I don’t mean you need to sell your soul for page views, but you should know how things should perform. Numbers without context are almost useless, but you can at least watch trends - as you change your approach, see what numbers it affects, week over week. I dug deeply info Facebook metrics while I was here in order to crack the code (since it was such a traffic driver for us) and found myself able to identify algorithm changes before they announced them. It told me about what topics were going to do well on different platforms. A quick experiment told us that retweeting worked, even on an account with 2 million followers. And it meant that when we had an effort start (a new tumblr, a new account) that we could guess as to what the followers / traffic / engagement might be after a few weeks. And those numbers didn’t stop us from doing journalism that we thought was necessary, but it did allow us to start to quantify our impact — and that is spreading outside the social media desk.
Pay Attention to Innovation, but Don’t Jump on Every Bandwagon
I had originally put the subhead on this of “Experiment, Fail Fast, and Learn” which comes more from my product background. Social Media has even more innovations than you can shake a stick at, and every one could potentially be a great opportunity for you. Hell, NPRNews is on Snapchat, and even used it to illustrate an article. However, you want to experiment in ways that allow you to not go all in at the front, and to remember that you should be deliberate about the investments you make. Moving early can help you garner an audience you may not otherwise, but moving early and abandoning the effort because you don’t actually have the resources to maintain it is worse.
Something new comes up that you want to dip into? Try it for a specific event, or one particular news story and see if you like it. Then, if you find yourself liking things about it, then you can tell others about it. Eventually, once you have a group of people using it, then you can talk about it as a best practice or figure out how it may need to come into your workflow. But definitely experiment first before you start institutionalizing it!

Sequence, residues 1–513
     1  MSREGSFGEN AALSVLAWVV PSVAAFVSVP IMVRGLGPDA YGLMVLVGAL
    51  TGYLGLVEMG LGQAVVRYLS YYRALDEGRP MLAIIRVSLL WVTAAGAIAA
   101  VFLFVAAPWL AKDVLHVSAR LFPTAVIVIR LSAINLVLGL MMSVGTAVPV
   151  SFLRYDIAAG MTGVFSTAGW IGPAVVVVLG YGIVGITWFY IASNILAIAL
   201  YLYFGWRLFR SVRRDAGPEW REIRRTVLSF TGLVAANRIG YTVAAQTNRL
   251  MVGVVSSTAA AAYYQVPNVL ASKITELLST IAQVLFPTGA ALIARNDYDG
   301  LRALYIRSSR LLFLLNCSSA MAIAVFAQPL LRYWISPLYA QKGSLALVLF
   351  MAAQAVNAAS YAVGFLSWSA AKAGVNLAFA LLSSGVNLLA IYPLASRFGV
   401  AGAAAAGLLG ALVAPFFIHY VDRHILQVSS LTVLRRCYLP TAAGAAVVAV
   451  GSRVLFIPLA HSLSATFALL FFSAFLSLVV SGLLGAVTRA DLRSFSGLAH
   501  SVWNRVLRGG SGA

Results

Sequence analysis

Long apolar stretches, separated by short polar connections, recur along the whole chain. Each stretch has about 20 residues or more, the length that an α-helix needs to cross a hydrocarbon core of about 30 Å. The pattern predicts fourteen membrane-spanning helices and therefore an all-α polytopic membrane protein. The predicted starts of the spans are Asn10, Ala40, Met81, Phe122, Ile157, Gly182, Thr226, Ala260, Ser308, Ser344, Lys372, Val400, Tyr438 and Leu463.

Forgive Yourself for That Which You Don’t Have Time of Which to Take Advantage
There will be bandwagons that you miss (like Medium, where this is crossposted as my first post). There will be places you move to very late. And there will be awesome trends that you dismiss. And it is ok. You don’t need to justify every opportunity you miss — but you do need to not beat yourself up over them. Focused investment will win over distracted toe-dipping every time. And that means you may miss the best article or conversation to happen that week / day / year — and it is ok. You have to forgive yourself for the things that you don’t have time to do,
And have fun!
Social Media provides powerful tools for journalism (and there are many aspects of what I’ve learned that aren’t reflected here) but at its most atomic level, social media is a forum for people to connect with other people. All human interactions can certainly be fun, and I hope that everyone who engages in this for a career never loses sight of that fun — or the real human beings at the other end of the feed.
Thanks to everyone in this community for working with me over the last several years. I look forward to even more great stuff coming out of this team in the years ahead.